Catholic Church Is in a Sorry State over Handling of Abuse Cases
By Bill Heaney
March 3, 2016
|Michael Keaton, Mark Ruffalo, Rachel McAdams, John Slattery and Brian d'Arcy James star in Spotlight, which chronicles the exposure of abuse by priests|
There are times when saying sorry is completely, utterly and entirely inadequate.
The “profound apology” for the many instances of clerical abuse of children and vulnerable persons from the Catholic Church is one of them.
It’s been a remarkable week of sympathy for sexual abuse sufferers following widespread publicity surrounding the publication of former Dumbarton social work chief executive Alexis Jay’s report on the scandal in Rotherham.
That report has led to the jailing of six people, including three brothers and their uncle, who have been convicted of the “systematic” sexual abuse of teenage girls.
There is more to come.
One can only hope that the Catholic Church is listening and that this news has sent shivers down the spine of the hierarchy.
Archbishop Leo Cushley made confession the theme of his Lenten homily to his St Andrew’s and Edinburgh flock on Ash Wednesday.
The successor to disgraced Cardinal Keith O’Brien, who went to school in Dumbarton, should maybe instead have been handing out sack cloth and ashes to his brother bishops.
It is time they admitted in a more generous manner, and in more realistic language, the inadequacy of their response to the McLellan Commission, not to mention the inadequacy of the report itself.
The bishops should immediately embark on making restitution to the victims of these clerical crimes and report the accused to the police, implement stricter safeguarding guidelines and make a firm purpose of amendment to ensure nothing like this happens again.
The McLellan Report was dismissed as “a whitewash” by abuse survivors and commentators after a press conference in Edinburgh.
The bishops’ pathetic response was delivered by Archbishop Philip Tartaglia from the pulpit to a near empty cathedral in Glasgow.
There was a time when Catholics would turn in their graves at the very thought of the bishops calling on a Church of Scotland dignitary to wash their dirty linen in public. But the times they are a changing. Churches stand together when it suits them.
The McLellan Commission on clerical abuse consisted of a panel of “experts” set up in 2013 under the chairmanship of Dr Andrew McLellan, a former Moderator of the General Assembly of the Church of Scotland. It was a desperate measure by the bishops to draw the media spotlight away from them.
Dr McLellan was asked to undertake “a review of all aspects of safeguarding policy, procedure and practice within the Catholic Church in Scotland”.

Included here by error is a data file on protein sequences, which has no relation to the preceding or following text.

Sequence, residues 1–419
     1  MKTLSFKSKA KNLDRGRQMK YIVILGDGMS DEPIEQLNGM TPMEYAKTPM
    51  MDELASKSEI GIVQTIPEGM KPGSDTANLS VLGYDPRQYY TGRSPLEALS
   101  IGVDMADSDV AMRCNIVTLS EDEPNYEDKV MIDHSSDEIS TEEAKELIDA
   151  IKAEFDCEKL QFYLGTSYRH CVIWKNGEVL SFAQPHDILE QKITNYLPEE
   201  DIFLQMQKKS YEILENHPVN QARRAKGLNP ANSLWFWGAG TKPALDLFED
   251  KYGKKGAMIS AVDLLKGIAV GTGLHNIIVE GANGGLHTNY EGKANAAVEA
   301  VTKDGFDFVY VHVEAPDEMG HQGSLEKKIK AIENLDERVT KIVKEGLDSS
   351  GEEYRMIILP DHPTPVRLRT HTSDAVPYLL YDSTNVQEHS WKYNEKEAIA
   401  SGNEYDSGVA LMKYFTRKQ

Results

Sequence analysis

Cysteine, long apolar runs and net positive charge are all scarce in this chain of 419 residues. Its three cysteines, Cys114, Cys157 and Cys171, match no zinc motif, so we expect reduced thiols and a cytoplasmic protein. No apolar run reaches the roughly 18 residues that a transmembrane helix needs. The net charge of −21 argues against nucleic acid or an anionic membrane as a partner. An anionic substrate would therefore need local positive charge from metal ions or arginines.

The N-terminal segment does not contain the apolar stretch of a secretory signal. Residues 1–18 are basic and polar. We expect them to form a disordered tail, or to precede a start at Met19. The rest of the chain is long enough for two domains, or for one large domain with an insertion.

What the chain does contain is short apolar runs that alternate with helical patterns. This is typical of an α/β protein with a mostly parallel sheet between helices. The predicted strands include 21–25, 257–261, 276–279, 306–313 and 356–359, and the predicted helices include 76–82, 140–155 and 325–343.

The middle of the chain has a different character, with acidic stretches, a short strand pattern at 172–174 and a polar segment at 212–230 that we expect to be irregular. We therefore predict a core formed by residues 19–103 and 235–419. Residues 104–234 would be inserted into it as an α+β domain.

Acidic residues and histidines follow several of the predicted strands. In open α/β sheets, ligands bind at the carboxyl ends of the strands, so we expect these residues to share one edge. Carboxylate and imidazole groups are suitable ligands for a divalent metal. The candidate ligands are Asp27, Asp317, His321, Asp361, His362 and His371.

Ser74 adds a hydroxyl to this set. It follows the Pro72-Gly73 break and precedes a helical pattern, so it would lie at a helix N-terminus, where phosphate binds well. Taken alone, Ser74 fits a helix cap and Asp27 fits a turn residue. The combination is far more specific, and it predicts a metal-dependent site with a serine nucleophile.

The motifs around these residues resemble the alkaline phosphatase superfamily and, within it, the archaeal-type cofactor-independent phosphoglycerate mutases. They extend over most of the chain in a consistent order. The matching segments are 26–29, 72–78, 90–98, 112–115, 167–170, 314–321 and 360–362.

However, the bishops made it clear it was not within the scope of the commission “to investigate or adjudicate on current or historical allegations”.
In other words, the commission investigated with one hand tied behind its back. They were inhibited when it came to investigating the 61 cases of sexual abuse by clergy in the past decade – and the many other unquantified and unreported cases.
One important point the commissioners did make though was to inform the church that its manual of guidelines for safeguarding children and vulnerable adults was flawed. It wasn’t fit for purpose, said McLellan, who invited them to rip it up and start again.
This the bishops did but the recommendations will not be implemented until the end of 2017, if even by then. Does this mean the church will continue to operate with the flawed safeguarding manual? Are children still in danger?
Perhaps the bishops thought their “profound apology” would draw a line under this but it hasn’t. Would it not be better for all concerned if they called in someone like Alexis Jay to investigate without restriction the scandal in Scotland?
A new film, appropriately called Spotlight, which won the Oscar for best picture on Sunday, is now showing in Scotland. Add that to the Jimmy Savile and Rotherham scandals and this is a controversy that won’t go away.
Scotland’s media, forever reluctant to become involved in matters of religion have, at last, woken up. However, their response compared to that of the Boston Globe, which earned the Pulitzer Prize for its investigation into cases of widespread and systemic child sex abuse by priests in the US city, has been low key.
Catholics in the pews – and many good priests who have clung to their vows in a climate of increasing hostility and undeserved shame – are dismayed by the bishops’ response, especially the time it is taking to bring closure for the victims. Decisive action by the bishops could soften the pain of this purgatory of waiting for the victims.
I put a number of questions about this to the church, whose spokesman told me that my reading of the document was incorrect but failed to explain why.
He added: “The McLellan recommendations, as you put it, have been accepted in their entirety and they are in the process of being implemented.”
The White Flower Alba organisation, which represents victims and has a Catholic priest at its helm, is dismayed.
It says the Scottish government should extend its inquiry beyond instances of abuse happening in residential homes run by public agencies.
Education Secretary Angela Constance says that won’t happen. The clerical abuse took place in premises owned and run by the Catholic Church. The fact that the residential schools involved – and monasteries – do not come under the responsibility of the Scottish hierarchy is a red herring.
The church claims to be universal, so the sooner it gets on with it, the better for all concerned.
What we need now is closure through decisive action, not spin and obfuscation. Justice delayed is justice denied.